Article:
The president's spending outline for the first time acknowledges that the Republican tax overhaul passed last year would add billions to the deficit and not "pay for itself" as Trump and his Republican allies asserted. If enacted as proposed, although no presidential budget ever is, the plan would establish an era of $1 trillion-plus yearly deficits.
The open embrace of red ink is a remarkable public reversal for Trump and his party, which spent years objecting to President Barack Obama's increased spending during the depths of the Great Recession. Rhetoric aside, however, Trump's pattern is in line with past Republican presidents who have overseen spikes in deficits as they simultaneously increased military spending and cut taxes.
"We're going to have the strongest military we've ever had, by far," Trump said in an Oval Office appearance Monday. "In this budget we took care of the military like it's never been taken care of before."
Trump's budget revived his calls for big cuts to domestic programs that benefit the poor and middle class, such as food stamps, housing subsidies and student loans. Retirement benefits would remain mostly untouched by Trump's plan, as he has pledged, although Medicare providers would absorb about $500 billion in cuts — a nearly 6 percent reduction. Some beneficiaries in Social Security's disability program would have to re-enter the workforce under proposed changes to eligibility rules.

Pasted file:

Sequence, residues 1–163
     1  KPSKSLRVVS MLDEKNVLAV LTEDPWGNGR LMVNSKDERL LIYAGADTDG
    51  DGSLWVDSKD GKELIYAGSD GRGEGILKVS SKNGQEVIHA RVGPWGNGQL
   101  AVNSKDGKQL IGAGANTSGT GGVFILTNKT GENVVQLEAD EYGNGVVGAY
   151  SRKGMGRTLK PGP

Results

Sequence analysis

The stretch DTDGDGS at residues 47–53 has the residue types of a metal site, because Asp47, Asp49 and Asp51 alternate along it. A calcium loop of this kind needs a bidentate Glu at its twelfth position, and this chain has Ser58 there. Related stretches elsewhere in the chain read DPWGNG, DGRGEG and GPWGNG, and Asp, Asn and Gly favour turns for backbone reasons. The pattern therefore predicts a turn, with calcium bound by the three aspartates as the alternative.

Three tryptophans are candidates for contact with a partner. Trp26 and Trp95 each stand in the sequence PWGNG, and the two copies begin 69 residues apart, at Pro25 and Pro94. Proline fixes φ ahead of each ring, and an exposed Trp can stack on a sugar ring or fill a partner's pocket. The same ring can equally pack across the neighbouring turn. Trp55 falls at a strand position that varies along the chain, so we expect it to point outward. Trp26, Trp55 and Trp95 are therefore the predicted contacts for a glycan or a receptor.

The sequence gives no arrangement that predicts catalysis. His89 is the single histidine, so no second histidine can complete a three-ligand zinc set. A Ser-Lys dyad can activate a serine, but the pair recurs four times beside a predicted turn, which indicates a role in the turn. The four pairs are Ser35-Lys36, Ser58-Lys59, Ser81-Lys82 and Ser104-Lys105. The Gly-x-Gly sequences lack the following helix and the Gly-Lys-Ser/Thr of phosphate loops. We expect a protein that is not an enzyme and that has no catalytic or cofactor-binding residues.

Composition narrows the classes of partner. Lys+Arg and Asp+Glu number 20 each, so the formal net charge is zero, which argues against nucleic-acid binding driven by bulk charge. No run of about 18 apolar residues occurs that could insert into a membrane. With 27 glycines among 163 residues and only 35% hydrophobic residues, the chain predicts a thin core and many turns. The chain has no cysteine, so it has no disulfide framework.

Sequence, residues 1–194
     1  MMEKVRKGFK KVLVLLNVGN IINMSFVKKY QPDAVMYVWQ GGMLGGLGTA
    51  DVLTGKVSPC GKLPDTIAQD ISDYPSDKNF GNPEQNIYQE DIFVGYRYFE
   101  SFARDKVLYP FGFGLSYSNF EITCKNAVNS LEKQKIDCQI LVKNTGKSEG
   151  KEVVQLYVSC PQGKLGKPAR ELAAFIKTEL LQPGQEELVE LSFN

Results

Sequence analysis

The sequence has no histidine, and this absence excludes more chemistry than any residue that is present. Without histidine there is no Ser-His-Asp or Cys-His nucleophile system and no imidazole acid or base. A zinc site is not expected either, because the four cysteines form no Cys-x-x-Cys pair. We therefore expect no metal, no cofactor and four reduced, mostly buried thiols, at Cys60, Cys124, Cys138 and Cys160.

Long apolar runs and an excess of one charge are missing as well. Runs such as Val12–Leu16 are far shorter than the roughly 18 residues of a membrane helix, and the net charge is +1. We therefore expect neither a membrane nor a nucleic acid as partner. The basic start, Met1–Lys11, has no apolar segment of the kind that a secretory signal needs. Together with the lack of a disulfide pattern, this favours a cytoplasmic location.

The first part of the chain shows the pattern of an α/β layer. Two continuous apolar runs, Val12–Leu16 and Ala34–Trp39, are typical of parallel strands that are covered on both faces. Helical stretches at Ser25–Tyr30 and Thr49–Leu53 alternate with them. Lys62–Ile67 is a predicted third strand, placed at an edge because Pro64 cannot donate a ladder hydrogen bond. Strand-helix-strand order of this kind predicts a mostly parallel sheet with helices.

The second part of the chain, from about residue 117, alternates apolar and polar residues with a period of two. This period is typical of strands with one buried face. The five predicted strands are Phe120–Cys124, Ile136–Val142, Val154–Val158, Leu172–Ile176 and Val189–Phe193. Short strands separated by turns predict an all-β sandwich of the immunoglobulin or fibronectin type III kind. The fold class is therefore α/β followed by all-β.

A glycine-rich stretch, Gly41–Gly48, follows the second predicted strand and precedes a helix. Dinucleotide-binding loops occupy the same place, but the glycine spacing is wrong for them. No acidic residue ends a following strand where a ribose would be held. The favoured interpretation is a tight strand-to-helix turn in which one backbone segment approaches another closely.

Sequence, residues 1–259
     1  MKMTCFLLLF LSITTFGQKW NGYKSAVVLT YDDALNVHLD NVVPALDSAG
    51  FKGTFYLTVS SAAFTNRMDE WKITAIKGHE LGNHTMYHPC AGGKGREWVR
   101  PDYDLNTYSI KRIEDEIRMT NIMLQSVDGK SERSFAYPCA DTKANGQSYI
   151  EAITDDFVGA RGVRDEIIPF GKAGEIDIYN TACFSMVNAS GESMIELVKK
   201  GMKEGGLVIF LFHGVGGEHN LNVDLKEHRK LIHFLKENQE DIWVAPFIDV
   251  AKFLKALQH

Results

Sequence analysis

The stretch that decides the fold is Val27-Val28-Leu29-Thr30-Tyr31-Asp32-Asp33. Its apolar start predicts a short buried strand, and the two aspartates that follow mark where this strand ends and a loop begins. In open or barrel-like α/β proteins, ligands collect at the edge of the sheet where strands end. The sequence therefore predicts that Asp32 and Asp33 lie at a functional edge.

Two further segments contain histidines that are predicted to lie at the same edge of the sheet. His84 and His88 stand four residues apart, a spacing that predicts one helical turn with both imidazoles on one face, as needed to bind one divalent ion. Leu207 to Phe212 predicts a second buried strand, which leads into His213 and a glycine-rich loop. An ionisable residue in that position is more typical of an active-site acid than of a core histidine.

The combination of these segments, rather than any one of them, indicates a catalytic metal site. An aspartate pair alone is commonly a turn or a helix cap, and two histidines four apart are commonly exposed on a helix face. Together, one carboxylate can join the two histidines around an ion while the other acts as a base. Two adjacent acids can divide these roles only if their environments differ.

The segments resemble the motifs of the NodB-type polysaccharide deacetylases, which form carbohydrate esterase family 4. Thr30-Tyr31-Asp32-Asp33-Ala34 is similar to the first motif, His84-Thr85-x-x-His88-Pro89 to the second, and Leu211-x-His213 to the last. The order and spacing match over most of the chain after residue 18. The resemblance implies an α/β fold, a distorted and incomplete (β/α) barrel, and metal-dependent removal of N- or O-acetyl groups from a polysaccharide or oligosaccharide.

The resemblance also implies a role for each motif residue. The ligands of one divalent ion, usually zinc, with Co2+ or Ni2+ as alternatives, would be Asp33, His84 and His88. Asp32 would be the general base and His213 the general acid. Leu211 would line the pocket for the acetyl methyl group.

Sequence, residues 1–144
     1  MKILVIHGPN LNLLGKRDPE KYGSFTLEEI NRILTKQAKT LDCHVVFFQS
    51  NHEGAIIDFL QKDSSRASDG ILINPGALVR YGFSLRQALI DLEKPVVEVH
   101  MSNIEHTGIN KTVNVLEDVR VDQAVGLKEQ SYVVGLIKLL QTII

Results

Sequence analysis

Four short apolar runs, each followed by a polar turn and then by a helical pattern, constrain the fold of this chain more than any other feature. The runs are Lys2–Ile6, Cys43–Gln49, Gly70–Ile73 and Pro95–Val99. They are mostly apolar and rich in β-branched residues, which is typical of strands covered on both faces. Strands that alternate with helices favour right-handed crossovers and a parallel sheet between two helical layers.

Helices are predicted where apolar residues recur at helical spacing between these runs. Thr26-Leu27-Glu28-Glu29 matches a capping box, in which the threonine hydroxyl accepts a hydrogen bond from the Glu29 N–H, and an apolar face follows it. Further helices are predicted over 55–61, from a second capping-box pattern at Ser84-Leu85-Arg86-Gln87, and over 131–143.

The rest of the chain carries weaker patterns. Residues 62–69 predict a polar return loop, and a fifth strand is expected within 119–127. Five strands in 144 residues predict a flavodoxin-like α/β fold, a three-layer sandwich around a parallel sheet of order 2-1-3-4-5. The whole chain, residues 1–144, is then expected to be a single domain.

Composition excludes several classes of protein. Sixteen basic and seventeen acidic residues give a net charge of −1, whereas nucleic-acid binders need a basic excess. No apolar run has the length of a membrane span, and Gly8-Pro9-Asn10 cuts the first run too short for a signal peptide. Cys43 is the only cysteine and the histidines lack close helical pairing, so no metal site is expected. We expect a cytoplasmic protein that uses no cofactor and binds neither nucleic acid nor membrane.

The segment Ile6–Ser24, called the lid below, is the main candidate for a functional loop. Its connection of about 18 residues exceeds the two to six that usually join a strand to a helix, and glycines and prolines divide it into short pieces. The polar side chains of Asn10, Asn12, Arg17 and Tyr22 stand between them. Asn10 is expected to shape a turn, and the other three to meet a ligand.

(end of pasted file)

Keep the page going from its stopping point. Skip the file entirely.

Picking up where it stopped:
While all presidents' budgets essentially are dead on arrival — Congress writes and enacts its own spending legislation — Trump's plan was dead before it landed. It came just three days after the president signed a bipartisan agreement that set broad parameters for spending over the next two years. That deal, which includes large increases for domestic programs, rendered Monday's Trump plan for 10-year, $1.7 trillion cuts to domestic agencies, such as the departments of Health and Human Services, Agriculture and Housing and Urban Development even more unrealistic.
Trump also is proposing work requirements for several federal programs, including housing subsidies, food stamps and Medicaid. Such ideas have backing from powerful figures in Congress including Republican House Speaker Paul Ryan of Wisconsin, who promises action on a "workforce development" agenda this year.
There was immediate opposition from Democrats.
"The Trump budget proposal makes clear his desire to enact massive cuts to health care, anti-poverty programs and investments in economic growth to blunt the deficit-exploding impact of his tax cuts for millionaires and corporations," said Rep. John Yarmuth of Kentucky, the top Democrat on the House Budget Committee.